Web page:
Thursday, July 10, 2008

Speaking of Book Covers... New Acquisitions

Continuing our theme today of bookcovers I wanted to share photos of two books I ordered recently after I saw them on "Handsome Books." I feel duty bound to give them a plug because after looking at everything on their site, I ordered my copies from cheaper sources. Well, the real prize for me is this one, The Spell of England (The Page Company, Boston, 1912) and the "Handsome Books" copy had been sold anyway.

This arrived while I was off on my recent trip and I was very happy to find it wating upon my return. Needless to say, sucker for Romantic England that I am, I love the cover, and the spine too, though it is a little faded. The Handsome Books website has a nice bit of information about this "Spell of" series of books, aimed at American tourists in the early part of the 20th century, and lots of wonderful images of these beautiful covers.

I just started reading this and it's interesting in a sociological sort of way. The author,one Julia deW. Addison, begins by recounting a discussion she had with a friend about whether England had any "spell" to speak of. England was too practical for spells, was the main point of contention. The author concluded the argument this way:

"If I write about the spell of England will you promise to read it?"

"Yes, I will see what I can make of it," answered my matter-of-fact friend.

"Very well, it is a bargain. And if you don't make anything out of it either you or I will be to blame. It will not be England."

I liked that. There's a lovely fold out map just inside the cover that shows the main cities of England and the surrounding bodies of water. No roads or anything so practical. Anyway, it is charming object and that was the reason I wanted to have it and now I do. Total cost was about $15.00, delivered. Very fair, although I see it has been previously price marked at $3.75. Oh well.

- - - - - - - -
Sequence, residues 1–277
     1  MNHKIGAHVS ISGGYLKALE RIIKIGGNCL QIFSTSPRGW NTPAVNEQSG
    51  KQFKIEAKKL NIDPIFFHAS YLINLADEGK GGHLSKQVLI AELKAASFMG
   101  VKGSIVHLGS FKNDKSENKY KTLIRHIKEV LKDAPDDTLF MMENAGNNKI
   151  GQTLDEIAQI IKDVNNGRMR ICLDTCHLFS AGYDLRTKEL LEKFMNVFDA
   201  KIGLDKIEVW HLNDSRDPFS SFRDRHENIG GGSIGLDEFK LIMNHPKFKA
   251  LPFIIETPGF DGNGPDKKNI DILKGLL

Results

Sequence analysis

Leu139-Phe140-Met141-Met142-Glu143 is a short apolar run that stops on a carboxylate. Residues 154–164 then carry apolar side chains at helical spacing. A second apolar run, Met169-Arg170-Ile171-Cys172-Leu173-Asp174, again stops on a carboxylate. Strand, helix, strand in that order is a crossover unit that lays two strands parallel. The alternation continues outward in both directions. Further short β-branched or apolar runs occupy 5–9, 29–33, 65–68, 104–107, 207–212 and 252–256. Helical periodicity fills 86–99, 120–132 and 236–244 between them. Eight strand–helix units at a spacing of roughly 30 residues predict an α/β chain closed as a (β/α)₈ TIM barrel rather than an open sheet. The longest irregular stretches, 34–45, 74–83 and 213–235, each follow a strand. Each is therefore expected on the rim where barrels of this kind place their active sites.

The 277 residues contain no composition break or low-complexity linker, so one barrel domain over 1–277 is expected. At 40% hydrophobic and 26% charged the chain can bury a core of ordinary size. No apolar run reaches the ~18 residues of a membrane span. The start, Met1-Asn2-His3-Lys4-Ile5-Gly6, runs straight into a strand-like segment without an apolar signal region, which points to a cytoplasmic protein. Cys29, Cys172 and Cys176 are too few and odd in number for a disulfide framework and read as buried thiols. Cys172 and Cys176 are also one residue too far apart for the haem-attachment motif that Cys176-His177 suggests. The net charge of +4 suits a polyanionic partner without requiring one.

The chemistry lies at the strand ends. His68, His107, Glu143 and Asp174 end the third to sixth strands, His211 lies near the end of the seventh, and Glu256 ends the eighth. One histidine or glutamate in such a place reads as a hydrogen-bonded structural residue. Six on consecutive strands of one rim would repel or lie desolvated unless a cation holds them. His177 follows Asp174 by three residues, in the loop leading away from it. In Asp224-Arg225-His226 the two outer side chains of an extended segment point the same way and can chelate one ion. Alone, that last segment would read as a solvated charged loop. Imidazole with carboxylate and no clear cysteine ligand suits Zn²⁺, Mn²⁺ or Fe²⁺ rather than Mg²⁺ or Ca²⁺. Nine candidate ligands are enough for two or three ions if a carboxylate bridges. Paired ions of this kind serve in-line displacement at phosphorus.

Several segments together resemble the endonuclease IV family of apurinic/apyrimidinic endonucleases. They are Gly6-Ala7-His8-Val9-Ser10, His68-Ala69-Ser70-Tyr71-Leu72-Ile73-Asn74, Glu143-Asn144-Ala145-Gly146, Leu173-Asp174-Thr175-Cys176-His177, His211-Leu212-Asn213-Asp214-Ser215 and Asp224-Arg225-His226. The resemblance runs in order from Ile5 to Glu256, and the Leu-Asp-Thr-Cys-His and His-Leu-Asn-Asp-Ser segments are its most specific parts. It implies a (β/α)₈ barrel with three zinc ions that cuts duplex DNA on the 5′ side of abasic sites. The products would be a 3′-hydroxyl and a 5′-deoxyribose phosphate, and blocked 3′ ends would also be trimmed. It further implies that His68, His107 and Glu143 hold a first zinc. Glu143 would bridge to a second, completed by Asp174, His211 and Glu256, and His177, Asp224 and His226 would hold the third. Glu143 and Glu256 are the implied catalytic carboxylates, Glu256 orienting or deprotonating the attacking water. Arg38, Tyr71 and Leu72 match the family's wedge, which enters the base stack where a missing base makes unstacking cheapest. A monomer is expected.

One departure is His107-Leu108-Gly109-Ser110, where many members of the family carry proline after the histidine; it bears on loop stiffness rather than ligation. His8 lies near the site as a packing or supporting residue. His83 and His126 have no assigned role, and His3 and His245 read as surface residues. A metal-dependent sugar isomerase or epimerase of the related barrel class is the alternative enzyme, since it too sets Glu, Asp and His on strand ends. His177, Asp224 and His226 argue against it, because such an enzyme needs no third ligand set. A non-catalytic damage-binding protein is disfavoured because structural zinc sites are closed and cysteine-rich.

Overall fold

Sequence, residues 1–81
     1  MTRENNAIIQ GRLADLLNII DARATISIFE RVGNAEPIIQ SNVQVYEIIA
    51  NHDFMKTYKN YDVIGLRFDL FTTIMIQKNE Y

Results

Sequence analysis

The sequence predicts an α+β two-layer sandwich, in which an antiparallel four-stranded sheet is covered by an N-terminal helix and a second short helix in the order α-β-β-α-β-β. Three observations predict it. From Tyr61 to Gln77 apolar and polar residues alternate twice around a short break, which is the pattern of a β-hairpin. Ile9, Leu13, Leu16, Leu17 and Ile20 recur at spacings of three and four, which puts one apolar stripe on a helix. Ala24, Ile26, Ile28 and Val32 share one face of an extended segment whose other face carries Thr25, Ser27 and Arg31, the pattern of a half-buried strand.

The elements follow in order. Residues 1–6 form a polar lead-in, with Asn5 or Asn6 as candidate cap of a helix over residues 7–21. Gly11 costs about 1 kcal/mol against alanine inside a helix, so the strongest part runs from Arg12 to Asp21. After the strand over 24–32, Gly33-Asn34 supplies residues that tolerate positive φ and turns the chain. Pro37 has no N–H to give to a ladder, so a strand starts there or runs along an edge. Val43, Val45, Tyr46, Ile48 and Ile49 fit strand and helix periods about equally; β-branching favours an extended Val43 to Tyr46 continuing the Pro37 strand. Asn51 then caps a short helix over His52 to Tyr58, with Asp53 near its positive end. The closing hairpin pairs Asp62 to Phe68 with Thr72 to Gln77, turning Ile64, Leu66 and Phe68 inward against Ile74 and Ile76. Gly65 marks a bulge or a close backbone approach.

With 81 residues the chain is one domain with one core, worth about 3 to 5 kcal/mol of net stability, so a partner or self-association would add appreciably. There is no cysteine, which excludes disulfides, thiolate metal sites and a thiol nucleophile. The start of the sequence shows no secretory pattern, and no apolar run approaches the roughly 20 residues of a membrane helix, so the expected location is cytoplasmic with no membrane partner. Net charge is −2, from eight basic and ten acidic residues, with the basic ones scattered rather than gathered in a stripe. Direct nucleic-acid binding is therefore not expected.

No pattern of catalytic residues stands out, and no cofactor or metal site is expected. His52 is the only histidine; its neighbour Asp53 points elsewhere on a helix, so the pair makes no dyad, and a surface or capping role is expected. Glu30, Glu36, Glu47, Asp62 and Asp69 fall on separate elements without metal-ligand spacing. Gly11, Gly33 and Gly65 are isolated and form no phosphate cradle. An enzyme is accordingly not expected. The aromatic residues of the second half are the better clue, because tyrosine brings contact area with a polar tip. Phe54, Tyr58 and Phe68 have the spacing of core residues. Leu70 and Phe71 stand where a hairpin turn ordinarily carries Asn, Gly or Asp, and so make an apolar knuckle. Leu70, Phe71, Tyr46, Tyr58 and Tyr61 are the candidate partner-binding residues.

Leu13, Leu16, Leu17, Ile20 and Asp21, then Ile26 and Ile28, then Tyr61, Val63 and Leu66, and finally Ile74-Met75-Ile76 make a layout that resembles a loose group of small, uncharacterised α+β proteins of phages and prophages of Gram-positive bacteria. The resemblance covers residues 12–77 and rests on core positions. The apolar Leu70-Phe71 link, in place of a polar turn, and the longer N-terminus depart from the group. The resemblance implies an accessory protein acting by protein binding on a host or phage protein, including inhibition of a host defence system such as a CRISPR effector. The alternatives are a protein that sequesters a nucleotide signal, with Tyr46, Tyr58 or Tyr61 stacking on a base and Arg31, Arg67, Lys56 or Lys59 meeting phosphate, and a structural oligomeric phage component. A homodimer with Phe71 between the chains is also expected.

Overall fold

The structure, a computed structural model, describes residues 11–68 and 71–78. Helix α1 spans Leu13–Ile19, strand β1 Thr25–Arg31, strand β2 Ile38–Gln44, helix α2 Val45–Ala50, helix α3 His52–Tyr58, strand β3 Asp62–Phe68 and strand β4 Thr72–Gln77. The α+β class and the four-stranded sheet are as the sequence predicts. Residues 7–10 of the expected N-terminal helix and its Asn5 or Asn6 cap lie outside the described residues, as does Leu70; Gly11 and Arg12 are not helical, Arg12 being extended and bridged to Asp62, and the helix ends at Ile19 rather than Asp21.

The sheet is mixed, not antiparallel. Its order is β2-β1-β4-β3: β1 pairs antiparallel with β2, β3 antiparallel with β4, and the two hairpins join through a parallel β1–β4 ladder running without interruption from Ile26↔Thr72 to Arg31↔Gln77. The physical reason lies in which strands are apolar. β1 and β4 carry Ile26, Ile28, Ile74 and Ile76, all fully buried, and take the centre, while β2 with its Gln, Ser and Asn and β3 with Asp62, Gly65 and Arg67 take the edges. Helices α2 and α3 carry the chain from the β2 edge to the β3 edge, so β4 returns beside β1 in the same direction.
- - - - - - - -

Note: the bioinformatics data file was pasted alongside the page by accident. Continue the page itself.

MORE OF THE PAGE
The other book, In the Days of Giants by Abbie Farwell Brown (Boston 1902) was a bargain find. My copy does not look so glamorous as the one on Handsome Books - what looks like an embossed cover and gilding on the Handsome Books site looks like yellowish ink on my cover. This is what happens when you go trawling for bargains. (There was no picture on the listing from whence it came). Still, it is a very nice book, I paid about $12.00 for it and I think that was just fine. It has wonderful illustrations of Norse giants by "E. Boyd Smith." This is the kind of thing that inspired Tolkein and maybe I'll find some inspiration too.

A Quick Note on the Joy Street Annuals - Dust Jackets Sighted on Ebay

I was having a little look around ebay just now and I see that someone is selling a little passel of Joy Street annuals complete with the dust jackets. I blogged at some length about this series from the 1920s and 30s a few posts back and I noted there that I had never seen one with a surviving dust jacket (the boards are cloth covered). Like this:

So, if you have any interest here's a chance to have a look at these rare survivors. You can search "Number Joy Street" in the "books" category and that will bring up quite a few results. The seller is asking a pretty penny ($199 for the best covers). We'll see how that goes. If you nip over there and run that search, you'll see that there are several other volumes on offer right now and those without covers are not terribly expensive, though there is quite a range.

My friend Juliet has an interesting post on the deceptive nature of the cover of a recent book that she read and enjoyed. I recommend that as food for thought about the purposes, legitimate, deceptive or otherwise, of book covers.

The Joy Street covers are as good as I suspected they would be. The series was marked by a consistent high quality.